Being Promoted

When I was promoted to sergeant while in Iraq, I really didn’t want it. Well, let’s be honest. Part of me did, part of me didn’t.
I have to admit that when I joined the Army, I used to look at all the rank charts and my mind would fantasize about all those stripes on my arms. Part of me even wanted lieutenant’s bars on my shoulders.
As a child, I would gaze with wonder and youthful adoration upon my father’s old corporal stripes on his faded and worn Korean war uniform. I wondered what it would be like to wear them, to be in charge of men on the battlefield, to be a hero like the kind I saw in war movies.
Upon joining the Army, slowly but surely I began to change my mind about having those stripes. Perhaps I was getting older, more mature, my war hero fantasies fading with age, youthful infatuation wearing off. Perhaps I was beginning to realize just what it meant to have those stripes and the duty that came with them. I mean let’s face it, being promoted to sergeant literally means 10 times the responsibility for about a 1 percent pay raise – perhaps I wanted to avoid that obligation. Perhaps I didn’t want to be in charge of more people, the spotlight of answerability that much brighter. Perhaps I had realized that the rank I held as a specialist allowed me to repair helicopters and being promoted meant less of that work and more bureaucratic work. Perhaps I was realizing that although the Army had been an interesting experience for me, I really didn’t like being in the military and I certainly didn’t like war.
So, when my platoon sergeant came to me one day in my helicopter repair shop while we were in Iraq and told me my promotion paperwork had come through, I was apprehensive and told him I didn’t want it. He laughed, as he knew me very well by then, turned, and as he was heading out the door still laughing he said, “Too bad. You’re getting your stripes.”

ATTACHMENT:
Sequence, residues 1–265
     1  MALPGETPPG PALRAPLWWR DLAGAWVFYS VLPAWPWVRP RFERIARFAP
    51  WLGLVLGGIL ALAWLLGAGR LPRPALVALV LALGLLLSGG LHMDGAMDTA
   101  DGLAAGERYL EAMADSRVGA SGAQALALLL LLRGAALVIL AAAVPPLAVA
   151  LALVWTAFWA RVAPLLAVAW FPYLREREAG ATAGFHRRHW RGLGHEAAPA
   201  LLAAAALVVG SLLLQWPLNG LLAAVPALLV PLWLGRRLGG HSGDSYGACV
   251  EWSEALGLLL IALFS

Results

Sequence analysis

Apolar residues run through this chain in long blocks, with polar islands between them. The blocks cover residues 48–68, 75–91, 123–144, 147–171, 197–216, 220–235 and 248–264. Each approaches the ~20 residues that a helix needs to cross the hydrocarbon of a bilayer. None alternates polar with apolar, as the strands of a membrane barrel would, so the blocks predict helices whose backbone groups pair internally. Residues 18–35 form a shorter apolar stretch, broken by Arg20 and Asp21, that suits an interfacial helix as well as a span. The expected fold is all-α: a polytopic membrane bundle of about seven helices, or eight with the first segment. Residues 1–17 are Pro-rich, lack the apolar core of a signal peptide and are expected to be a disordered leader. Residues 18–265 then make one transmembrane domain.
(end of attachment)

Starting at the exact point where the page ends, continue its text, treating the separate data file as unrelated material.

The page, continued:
It was a surreal experience to say the least. As a matter of custom, my unit typically held promotion ceremonies at our morning accountability formations. I was the only one being promoted that day and as I was called to the front of the company to be “pinned” by my commanding officer I remember my knees being slightly wobbly, a nervous feeling in the pit of my stomach. Upon saluting him, he told me he was proud of me, that my new rank suited me, and gave me the traditional shove with his hand to make sure the small spikes of the new rank sank fully home through my uniform and into my skin.
Throughout the day, I was congratulated many times, people calling me “Sarge,” many chuckling and asking me how it felt to be a glorified private.
As expected, I was inundated with more responsibility and I found there was a tremendous amount to learn if I was to adequately perform my new duties and discharge my new obligations. Slowly but surely I worked through that crash course and it proved to be the ultimate in “on the job training.”
After a time, I began to realize that what had begun as childhood vanity and fantasy on my part to have those stripes on my collar was remade into an adult embracing the burden that higher rank entails and as a consequence growing into a leader and better person because of it.
I came to absorb being a sergeant, to love being a sergeant far beyond how good it felt to have the stripes.
I came to realize it as one of the greatest personal achievements of my life and I still feel a sense of pride because, as I’ve heard said many times, the sergeant is the backbone of the working end of the military. I was proud to be a part of that.

Leave a Reply

Your email address will not be published. Required fields are marked *